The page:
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Posts Tagged ‘Morton Feldman’

Thumbnail : Not Maverick Enough? San Francisco Symphony conducted by Michael Tilson Thomas performing at Carnegie Hall on Wednesday, March 28, 2012, in the “American Mavericks” Festival

Not Maverick Enough? San Francisco Symphony conducted by Michael Tilson Thomas performing at Carnegie Hall on Wednesday, March 28, 2012, in the “American Mavericks” Festival

Michael Tilson Thomas’s “American Mavericks” concerts came to New York, centered on four programs at Carnegie Hall with the superb San Francisco Symphony, surrounded by a whirl of fringe events throughout the city. This was a bold and appropriate way to show not only the versatility and virtuosity of the orchestra but also the evolution of orchestral culture in the United States: the works were played as modern classics, with the ideal combination of polish and bite that they call for. The audience has clearly evolved along with the orchestras: Carnegie Hall was close to full with a healthy mixture of grey and not-so-grey heads intently focused on the music. So accomplished and appealing were the performances that even the Feldman work, probably the most novel work on the program, held audience attention effortlessly through its 26-plus minute duration.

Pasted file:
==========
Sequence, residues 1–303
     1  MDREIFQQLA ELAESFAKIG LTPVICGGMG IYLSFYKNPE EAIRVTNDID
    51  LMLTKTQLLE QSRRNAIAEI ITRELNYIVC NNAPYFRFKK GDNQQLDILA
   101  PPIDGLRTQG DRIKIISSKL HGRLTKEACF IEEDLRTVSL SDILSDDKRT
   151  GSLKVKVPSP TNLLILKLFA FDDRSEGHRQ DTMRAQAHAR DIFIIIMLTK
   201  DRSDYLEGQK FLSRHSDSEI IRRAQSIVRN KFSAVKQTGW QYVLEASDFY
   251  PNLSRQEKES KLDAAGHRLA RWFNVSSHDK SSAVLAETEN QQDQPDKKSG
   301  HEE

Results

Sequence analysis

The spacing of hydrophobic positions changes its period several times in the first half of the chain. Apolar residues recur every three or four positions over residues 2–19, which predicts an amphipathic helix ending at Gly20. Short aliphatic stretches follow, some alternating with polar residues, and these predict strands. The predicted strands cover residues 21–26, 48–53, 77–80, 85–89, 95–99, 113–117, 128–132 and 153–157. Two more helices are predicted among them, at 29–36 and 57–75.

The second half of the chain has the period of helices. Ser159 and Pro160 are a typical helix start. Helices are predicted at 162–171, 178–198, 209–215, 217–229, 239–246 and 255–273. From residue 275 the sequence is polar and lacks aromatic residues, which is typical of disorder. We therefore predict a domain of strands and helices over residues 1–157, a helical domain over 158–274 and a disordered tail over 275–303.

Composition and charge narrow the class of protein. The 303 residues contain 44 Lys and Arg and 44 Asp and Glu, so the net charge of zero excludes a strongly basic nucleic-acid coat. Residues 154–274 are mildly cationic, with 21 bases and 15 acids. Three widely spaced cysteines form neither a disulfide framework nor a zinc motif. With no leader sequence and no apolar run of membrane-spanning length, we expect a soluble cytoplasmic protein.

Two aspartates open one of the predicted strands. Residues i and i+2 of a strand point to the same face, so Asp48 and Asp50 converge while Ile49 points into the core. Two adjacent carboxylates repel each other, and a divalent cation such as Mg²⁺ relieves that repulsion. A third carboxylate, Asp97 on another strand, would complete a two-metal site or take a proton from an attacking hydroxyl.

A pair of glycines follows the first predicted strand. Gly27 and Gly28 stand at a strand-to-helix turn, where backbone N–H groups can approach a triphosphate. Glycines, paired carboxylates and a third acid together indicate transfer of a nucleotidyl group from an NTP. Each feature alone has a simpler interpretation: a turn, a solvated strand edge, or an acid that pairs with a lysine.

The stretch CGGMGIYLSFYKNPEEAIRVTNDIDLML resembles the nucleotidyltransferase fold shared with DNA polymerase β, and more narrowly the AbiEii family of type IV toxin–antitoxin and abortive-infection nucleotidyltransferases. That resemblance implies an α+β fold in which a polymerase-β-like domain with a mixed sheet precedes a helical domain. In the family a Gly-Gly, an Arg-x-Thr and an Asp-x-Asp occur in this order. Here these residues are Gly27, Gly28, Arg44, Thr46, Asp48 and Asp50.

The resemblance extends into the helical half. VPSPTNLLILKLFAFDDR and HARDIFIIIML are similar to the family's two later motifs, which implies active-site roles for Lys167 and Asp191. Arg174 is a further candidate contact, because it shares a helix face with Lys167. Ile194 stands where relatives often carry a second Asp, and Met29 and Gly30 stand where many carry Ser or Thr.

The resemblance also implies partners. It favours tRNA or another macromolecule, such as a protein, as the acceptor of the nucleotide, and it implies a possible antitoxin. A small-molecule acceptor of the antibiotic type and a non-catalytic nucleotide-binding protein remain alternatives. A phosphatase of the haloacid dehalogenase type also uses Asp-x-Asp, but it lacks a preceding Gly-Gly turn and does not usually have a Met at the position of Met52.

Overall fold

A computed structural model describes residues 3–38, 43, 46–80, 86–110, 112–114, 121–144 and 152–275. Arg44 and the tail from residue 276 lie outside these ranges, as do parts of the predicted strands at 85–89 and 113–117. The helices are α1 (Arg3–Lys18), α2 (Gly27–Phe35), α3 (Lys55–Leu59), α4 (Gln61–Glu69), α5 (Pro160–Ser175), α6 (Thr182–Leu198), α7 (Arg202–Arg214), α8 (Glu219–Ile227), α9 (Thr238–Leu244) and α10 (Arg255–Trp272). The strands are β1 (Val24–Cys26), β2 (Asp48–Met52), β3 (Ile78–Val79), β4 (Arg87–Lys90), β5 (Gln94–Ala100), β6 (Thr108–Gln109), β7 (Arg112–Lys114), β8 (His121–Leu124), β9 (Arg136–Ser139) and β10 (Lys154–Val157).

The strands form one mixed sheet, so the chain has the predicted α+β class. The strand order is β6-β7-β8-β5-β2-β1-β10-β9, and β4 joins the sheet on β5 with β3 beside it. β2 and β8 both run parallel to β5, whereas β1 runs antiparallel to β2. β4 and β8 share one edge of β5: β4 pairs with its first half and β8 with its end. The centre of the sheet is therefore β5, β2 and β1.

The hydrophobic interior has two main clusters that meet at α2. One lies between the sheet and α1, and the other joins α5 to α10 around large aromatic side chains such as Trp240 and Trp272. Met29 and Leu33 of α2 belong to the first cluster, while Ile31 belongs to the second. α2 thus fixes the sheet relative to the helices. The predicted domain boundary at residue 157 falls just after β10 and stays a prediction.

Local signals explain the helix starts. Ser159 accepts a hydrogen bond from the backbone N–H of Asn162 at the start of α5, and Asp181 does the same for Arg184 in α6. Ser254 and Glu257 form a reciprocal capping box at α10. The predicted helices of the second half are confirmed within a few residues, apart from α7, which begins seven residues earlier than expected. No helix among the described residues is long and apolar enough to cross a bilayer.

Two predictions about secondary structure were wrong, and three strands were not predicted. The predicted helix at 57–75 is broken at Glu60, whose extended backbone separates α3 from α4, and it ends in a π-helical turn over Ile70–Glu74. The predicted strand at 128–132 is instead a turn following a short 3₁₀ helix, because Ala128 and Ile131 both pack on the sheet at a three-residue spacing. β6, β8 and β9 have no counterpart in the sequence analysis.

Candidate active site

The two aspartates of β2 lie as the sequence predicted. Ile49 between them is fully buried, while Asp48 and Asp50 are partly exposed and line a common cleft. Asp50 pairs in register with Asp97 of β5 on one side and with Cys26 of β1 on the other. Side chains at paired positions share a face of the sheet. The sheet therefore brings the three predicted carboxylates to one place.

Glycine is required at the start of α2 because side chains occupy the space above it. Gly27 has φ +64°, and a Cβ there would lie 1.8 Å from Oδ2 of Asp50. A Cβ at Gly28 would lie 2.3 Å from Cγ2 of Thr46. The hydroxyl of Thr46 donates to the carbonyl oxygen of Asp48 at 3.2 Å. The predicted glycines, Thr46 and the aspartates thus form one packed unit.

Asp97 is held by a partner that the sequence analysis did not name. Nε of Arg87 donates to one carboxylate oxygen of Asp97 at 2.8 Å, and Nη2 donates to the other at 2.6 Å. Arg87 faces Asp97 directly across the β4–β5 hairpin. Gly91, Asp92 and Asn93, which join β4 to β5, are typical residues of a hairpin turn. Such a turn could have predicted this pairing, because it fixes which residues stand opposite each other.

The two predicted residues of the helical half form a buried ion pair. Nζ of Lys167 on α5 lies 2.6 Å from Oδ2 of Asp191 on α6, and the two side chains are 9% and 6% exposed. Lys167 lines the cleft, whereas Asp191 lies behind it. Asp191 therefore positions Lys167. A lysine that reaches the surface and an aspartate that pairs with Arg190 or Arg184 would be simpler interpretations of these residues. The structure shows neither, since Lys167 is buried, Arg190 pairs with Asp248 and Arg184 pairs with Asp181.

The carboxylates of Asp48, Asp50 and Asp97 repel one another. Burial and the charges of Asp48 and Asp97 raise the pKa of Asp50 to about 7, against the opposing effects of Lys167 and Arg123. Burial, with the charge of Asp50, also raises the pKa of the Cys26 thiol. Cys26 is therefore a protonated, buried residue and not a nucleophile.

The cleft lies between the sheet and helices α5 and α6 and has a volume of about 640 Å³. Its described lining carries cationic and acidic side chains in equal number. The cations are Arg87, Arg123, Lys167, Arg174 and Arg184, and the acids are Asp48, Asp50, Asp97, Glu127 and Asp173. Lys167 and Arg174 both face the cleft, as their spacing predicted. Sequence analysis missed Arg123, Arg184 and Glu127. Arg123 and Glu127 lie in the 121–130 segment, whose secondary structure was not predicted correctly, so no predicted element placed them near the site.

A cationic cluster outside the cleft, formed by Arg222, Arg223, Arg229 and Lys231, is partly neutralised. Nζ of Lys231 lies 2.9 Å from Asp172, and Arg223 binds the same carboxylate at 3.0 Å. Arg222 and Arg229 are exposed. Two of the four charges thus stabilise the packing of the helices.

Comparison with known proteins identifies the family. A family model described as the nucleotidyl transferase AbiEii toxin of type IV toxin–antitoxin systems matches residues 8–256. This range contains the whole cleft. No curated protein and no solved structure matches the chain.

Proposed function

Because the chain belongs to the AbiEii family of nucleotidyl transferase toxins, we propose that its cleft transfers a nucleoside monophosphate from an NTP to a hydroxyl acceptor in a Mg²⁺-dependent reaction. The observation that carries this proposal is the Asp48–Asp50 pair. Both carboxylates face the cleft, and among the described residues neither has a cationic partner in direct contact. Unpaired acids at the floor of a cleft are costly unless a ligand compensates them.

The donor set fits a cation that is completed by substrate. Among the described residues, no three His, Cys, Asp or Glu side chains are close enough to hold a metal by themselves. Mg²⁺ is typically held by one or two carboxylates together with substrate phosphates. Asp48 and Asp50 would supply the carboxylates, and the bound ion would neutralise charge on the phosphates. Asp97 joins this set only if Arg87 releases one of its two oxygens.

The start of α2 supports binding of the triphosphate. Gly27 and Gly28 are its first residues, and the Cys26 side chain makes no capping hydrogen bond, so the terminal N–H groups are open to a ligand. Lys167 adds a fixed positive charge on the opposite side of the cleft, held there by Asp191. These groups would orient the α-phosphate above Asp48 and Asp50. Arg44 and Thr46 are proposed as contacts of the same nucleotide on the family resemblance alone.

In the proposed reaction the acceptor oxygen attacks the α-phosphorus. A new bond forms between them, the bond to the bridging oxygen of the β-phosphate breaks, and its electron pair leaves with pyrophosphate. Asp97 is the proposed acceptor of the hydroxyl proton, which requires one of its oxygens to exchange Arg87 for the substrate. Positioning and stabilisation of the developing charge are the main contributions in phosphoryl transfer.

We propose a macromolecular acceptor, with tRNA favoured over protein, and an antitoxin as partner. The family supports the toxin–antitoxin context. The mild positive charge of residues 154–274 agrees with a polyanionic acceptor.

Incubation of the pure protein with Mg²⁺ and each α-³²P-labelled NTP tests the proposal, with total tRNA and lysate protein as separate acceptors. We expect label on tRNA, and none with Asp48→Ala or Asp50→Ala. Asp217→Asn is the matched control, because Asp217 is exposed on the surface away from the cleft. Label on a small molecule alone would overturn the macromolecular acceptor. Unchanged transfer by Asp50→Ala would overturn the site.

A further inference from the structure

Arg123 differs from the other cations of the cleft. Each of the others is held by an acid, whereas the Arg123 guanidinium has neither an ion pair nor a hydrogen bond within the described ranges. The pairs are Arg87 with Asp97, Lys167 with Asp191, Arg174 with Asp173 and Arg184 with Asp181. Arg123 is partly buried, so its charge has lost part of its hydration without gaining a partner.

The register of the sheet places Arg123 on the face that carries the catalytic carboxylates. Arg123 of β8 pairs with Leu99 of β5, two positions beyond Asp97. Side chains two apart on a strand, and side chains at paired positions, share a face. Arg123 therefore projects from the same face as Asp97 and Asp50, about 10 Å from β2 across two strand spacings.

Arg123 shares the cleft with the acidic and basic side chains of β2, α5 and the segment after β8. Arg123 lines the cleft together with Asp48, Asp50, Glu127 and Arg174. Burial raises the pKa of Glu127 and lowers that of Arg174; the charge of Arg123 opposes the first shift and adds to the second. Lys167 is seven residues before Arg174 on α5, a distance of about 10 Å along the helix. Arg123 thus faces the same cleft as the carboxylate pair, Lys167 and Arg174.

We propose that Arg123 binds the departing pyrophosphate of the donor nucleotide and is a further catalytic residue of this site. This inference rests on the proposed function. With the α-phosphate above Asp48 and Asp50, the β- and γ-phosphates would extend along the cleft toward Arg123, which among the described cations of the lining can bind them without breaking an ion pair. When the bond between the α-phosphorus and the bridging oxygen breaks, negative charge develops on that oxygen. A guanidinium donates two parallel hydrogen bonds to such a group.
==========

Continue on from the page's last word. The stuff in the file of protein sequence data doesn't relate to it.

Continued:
Thumbnail : Axiom, Juilliard’s Contemporary Music Group, play Feldman and Kurtág at Tully Scope

Axiom, Juilliard’s Contemporary Music Group, play Feldman and Kurtág at Tully Scope

The second concert in Lincoln Center’s wonderful Tully Scope Festival, like the opening night, revolved around the music of Morton Feldman, and, although it was entitled “For Morton Feldman,” it was actually dedicated to quite a different composer, György Kurtág, who is still very much alive and celebrated his eighty-fifth birthday on February 19th, only a month younger than Feldman would have been if he had not died prematurely in 1987 at the age of sixty-one. The program consists entirely of some of their best-known works, played by Axiom, the contemporary music group of the Juilliard School, under the direction of Jeffrey Milarsky, and the Clarion Choir under music director Steven Fox. The instrumentalists and the soprano soloist were all students or recent graduates of Juilliard, who acquitted themselves most impressively.